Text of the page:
06 March 2008

All that is Solid Melts into Air

I've been moody this week. It's been just about ten years since Apple's Newton project was canceled, the products discontinued, and the staff of the project began their exodus. I hope readers will forgive me if I wax a little autobiographical.

In 1993 I attended, along with a couple of friends, the launch of the original Apple Newton. I nearly melted my credit cards into slag by buying an original MessagePad and a copy of the Newton Toolkit. Both products were over-hyped (see this impressive and slightly utopian video), and promised far more than they could deliver on that hardware, but to me the technical innovation and potential were far more interesting than the actual practicality; I was excited about some kind of platonic ideal Newton device, not the actual stubby greenish device that crashed and locked up and wouldn't boot in cold weather and ate batteries like candy and turned my handwriting into word salad. Developing with beta-this and 1.0-that was a struggle, but within a few weeks I had sent my first Newton freeware application out into the world, an ugly, misshapen little utility called Strainer, best forgotten. But it was a start -- and a doorway into a whole world of dynamic typing, closures, garbage collection, prototype-based programming, byte codes, garbage collection, and even "eval" and "apply."

My co-worker Mike and I dove into it. He created the Usenet newsgroups for Newton. I developed and maintained the early FAQ list. I did so much testing and analysis of the behavior of the built-in applications that I wound up getting calls from developers within Apple to discuss the bugs I was finding. I got to know the Newton developer tech support engineers. I wanted to be one of them. I published articles, most of them likely best forgotten, but overflowing with my enthusiasm for the new architecture. I exchanged e-mail messages with Walter Smith, the very smart guy behind NewtonScript, talking about the implementation of NewtonScript itself; he explained closures. Which got me into Dylan. Which got me into Scheme. Which (ultimately) got me into Haskell. And so forth.

The Newton was a big part of my career, on and off, for the next six years or so. I got paid to write Newton applications -- not consistently, and not just Newton applications, and not end-user, shrink-wrapped applications, but a lot of NewtonScript nonetheless. I developed a kind of DSL, in NewtonScript, built into the package by executing NewtonScript code at build time. That package acted as a kind of script itself that ran on a NewtonScript engine capable of presenting a variety of nicely-formatted question types. The survey engine had a kind of transactional semantics, even across branching, so that the data it was recording always remained consistent. It could do all kinds of post-processing and analysis on the fly, with little embedded function objects, and basically ran as a big state machine to administer surveys. It was code-as-data; it was higher-order programming. NewtonScript was, at least for me at the time, an Acceptable Lisp. For several research projects, that's how the Health Media Research Lab at the University of Michigan collected data from study participants. There were several other parts to the process -- built around AppleScript, Quark XPress, WebObjects (Java), C++, and even Visual BASIC and Perl and Scheme and Macromedia Director, and I was involved to some extent in most of them, but the Newton survey engine was my particular baby.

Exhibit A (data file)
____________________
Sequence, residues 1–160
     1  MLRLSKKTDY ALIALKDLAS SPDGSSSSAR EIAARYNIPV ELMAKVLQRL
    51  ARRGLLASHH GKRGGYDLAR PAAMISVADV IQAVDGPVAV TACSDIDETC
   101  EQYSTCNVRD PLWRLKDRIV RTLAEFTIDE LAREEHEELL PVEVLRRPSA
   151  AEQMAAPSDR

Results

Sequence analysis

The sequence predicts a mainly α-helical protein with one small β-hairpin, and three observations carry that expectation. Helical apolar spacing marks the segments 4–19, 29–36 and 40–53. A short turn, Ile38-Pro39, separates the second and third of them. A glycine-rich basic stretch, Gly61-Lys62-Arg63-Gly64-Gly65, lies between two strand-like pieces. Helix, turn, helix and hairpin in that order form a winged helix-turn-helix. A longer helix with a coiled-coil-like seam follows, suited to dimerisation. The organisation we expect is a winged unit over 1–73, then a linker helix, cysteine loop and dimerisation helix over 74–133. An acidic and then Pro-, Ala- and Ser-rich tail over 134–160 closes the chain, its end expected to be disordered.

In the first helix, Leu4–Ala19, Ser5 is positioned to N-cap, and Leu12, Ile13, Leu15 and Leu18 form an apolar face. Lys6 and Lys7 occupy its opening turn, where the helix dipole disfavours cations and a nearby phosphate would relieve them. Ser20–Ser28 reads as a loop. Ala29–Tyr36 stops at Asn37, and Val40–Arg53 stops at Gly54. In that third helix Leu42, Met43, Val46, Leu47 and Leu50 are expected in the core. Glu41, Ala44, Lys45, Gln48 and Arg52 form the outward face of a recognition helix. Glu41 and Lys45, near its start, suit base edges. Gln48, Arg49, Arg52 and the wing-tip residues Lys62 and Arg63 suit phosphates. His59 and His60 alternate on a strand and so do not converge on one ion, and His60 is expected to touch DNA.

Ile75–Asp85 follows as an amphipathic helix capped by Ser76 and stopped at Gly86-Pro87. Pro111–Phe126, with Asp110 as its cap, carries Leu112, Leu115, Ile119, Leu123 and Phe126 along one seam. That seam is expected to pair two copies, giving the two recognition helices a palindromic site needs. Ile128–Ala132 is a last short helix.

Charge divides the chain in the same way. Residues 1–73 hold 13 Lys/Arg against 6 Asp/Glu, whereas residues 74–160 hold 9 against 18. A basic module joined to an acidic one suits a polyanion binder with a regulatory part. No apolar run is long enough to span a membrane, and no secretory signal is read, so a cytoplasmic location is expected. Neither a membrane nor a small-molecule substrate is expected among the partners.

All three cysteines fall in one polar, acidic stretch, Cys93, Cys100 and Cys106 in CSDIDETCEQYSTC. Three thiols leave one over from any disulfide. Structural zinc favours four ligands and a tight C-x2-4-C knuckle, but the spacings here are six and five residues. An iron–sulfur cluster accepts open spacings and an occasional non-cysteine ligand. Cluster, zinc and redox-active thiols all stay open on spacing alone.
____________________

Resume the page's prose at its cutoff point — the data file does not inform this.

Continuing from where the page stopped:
Apple released Newton hardware in two more form factors, ultimately culminating in the MessagePad 2000 and 2100, which pretty much _were_ that platonic ideal of a Newton device, a local maximum as far as design, usability, and features per watt, and that product hasn't had a serious contender in user-interface design prior to the arrival of the iPhone. And it came crashing down, rather abruptly, just a few months after the release of the MessagePad 2100. There was no one left to fix bugs. Because of one particular bug in the 2100, we had to scramble to stockpile the earlier MessagePad 2000, so that we would have enough units on hand to complete our research study.

A couple of years ago I discarded my original MessagePad, with its original case and "Getting Started" card and cute little power adapter and a press kit from the Newton launch -- just tossed it in the dumpster. I shouldn't have done that. Original MessagePads -- not upgraded -- are scarce on the ground, and though they are not terribly usable, the design remains interesting. A few years ago I picked up a 2100, and just recently bought 3 more Newtons on eBay, one of each form factor, but I miss the neat leather-journal feel of the rubberized original MessagePad and its snug-fitting, book-like case.

Interestingly, the Newton architecture has proved to be flexible past the point of Apple's involvement. In the box of scuffed-up Newton MessagePads was a wireless modem card. Some enterprising hackers actually got support for these devices working; I have not yet gotten it working, but I'm told that it's possible to get it working on a modern WiFi network, albeit with a somewhat minimalist web browser. I wonder if I can get the Webmail interface working via a web browser on the Newton?